Journalists in Europe complicate the narrative of colonization

作者Priyanka Shankar and Inbar Preiss
Jan 26, 2021 发表在 Specialized Topics
Illustration of people sitting on a fence

The year 2020 was filled with polarizing events — a pandemic, fervent protests from Belarus to Hong Kong to Venezuela, Black Lives Matter, the U.S. elections, conflict in the Central African Republic and Brexit. When it comes to reporting on such complex stories, journalists carry the responsibility to cover them accurately. 

But often, controversial stories do not have a two-sided reality, making it challenging for journalists to communicate every aspect of the conflict to their readers. Analyzing the coverage of the 2016 U.S. elections, which was rooted in polarization, misinformation and contention, American journalist Amanda Ripley was keen to discover how journalists could cover such difficult topics better. She spoke to people with experience navigating conflict in creative ways — lawyers, conflict mediators, psychologists and religious leaders — to collect the best practices for journalists to adopt while reporting such stories. 

“The lesson for journalists (or anyone) working amidst intractable conflict: complicate the narrative,” says Ripley. “Complexity leads to a fuller, more accurate story.”

Her research was developed into the “Complicating the Narratives” (CTN) training program by The Solutions Journalism Network (SJN), and has been helping journalists around the world cover controversial stories differently. 

[Read more: The role of solutions journalism in reporting on COVID-19]

How can you 'complicate the narrative?'

According to Ripley, the main idea is for journalists to embrace the story’s complexity and portray nuance, contradiction and ambiguity wherever possible.  

Hélène Biandudi Hofer, the manager of SJN’s CTN training program, explains that when it comes to covering controversial issues using CTN, the goal should be to listen deeply while conducting interviews, and also to provide empathy and transparency to your sources.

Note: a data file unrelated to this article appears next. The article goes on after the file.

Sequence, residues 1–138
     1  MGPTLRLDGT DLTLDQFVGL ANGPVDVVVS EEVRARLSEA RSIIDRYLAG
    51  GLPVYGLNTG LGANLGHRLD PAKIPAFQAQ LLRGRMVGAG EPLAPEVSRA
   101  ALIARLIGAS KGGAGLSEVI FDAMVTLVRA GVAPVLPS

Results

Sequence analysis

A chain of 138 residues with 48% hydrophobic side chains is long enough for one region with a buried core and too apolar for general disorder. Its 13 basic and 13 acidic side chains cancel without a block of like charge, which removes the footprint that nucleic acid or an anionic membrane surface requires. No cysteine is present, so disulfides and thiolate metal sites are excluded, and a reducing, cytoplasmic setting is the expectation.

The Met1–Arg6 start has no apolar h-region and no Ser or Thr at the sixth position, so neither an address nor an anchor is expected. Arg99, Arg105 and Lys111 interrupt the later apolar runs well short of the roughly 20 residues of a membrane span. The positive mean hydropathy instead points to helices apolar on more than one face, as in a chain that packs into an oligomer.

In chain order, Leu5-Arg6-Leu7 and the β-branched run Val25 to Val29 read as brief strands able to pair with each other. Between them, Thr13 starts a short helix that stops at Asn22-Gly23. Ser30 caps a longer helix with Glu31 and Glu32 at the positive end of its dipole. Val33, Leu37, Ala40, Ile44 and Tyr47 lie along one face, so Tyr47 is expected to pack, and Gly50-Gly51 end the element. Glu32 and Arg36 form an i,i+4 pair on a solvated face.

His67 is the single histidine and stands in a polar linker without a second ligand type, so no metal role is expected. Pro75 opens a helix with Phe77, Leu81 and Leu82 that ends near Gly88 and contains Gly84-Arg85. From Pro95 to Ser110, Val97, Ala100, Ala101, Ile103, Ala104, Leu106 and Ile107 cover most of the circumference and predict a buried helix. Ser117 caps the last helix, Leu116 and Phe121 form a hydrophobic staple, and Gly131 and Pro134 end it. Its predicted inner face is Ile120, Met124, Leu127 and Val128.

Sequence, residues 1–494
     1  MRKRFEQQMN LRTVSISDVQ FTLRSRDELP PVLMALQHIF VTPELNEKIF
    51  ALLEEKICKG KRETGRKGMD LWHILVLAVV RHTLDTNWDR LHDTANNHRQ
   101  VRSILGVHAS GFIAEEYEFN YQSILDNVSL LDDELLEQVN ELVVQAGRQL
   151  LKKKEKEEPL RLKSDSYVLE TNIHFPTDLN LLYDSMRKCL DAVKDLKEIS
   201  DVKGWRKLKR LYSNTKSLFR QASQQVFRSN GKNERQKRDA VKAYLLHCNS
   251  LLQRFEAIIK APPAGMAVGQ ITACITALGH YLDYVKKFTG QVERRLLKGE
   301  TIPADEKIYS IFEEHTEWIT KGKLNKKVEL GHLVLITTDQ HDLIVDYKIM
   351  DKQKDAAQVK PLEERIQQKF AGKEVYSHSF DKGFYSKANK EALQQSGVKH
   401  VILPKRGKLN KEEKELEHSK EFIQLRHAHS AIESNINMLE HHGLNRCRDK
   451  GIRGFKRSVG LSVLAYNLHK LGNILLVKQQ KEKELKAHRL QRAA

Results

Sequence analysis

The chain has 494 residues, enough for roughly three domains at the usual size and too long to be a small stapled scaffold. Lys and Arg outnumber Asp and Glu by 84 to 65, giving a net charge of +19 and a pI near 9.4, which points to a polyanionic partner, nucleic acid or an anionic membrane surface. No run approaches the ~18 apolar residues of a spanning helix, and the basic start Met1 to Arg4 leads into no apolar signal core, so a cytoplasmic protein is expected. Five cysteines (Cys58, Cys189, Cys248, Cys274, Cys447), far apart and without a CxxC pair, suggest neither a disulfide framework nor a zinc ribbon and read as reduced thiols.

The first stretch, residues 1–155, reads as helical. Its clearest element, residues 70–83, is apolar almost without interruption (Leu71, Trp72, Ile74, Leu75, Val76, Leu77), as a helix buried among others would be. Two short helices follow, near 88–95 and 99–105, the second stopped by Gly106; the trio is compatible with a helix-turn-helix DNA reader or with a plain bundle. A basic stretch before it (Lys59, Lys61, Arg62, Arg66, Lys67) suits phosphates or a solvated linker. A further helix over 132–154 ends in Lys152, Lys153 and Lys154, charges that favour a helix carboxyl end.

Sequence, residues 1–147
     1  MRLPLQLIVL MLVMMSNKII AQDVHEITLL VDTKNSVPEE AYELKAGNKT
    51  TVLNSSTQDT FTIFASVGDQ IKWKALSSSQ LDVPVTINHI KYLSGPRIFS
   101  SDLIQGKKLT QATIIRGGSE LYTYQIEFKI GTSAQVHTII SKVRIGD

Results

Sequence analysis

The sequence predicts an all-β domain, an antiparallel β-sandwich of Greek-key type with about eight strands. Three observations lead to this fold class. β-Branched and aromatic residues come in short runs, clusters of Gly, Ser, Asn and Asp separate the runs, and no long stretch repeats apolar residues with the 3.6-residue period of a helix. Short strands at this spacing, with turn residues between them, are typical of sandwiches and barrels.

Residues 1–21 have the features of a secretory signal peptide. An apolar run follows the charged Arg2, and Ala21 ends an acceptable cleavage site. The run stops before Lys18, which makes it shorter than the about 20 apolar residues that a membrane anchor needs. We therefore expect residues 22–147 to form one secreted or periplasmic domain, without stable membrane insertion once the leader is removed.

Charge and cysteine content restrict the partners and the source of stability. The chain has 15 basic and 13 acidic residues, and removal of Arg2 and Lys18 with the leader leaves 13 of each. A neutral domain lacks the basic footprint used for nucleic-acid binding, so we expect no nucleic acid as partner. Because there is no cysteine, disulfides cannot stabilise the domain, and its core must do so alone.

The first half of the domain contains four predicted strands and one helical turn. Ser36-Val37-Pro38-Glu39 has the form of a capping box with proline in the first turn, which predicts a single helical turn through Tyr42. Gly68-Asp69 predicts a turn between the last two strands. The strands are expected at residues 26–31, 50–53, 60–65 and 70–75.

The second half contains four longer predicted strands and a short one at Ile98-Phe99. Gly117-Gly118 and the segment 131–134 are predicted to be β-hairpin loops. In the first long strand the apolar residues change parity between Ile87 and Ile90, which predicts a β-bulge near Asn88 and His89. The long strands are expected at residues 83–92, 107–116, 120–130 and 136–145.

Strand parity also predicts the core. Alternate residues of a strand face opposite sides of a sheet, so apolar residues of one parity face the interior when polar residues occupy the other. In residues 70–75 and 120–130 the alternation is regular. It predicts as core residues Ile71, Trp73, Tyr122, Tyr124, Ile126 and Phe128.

CTN provides concrete, practical tools that allow journalists to listen better, understand the underlying motives behind their sources' views and counter confirmation bias. By doing so, journalists can begin to overcome the habit of believing news that supports their pre-existing beliefs, and to open up to information that may challenge them. 

The CTN program includes tips for interviews, questions for sources, tools for active listening and an all-round approach to handling divisive topics.  

“Looping” is one CTN technique that encourages better listening during interviews, increasing the accuracy of the source’s information. The idea is to repeat back to the source the core message of what they have shared with you in order to make sure that you have understood it correctly. This technique ensures that you have noted the correct information, and perhaps more importantly, the source will feel heard and encouraged to share more. 

The CTN training program also includes a set of 22 Questions that journalists can use in their interviews to get a wider view of a story. Some questions offer guidance on how to approach a source in a way that amplifies contradictions rather than hides them. This helps reporters counter confirmation bias. For example, asking, “What do you want the other side to think of you?” can reveal valuable, complex information. 

Today’s need for accurate reporting on divisive issues 

After the June 2020 murder of George Floyd, protests emerged condemning police brutality and racism around the world. In Europe, statues of high-ranking colonial leaders were vandalized or torn down, propelling conversations about race, slavery and colonialism. 

Are We Europe colonization magazine cover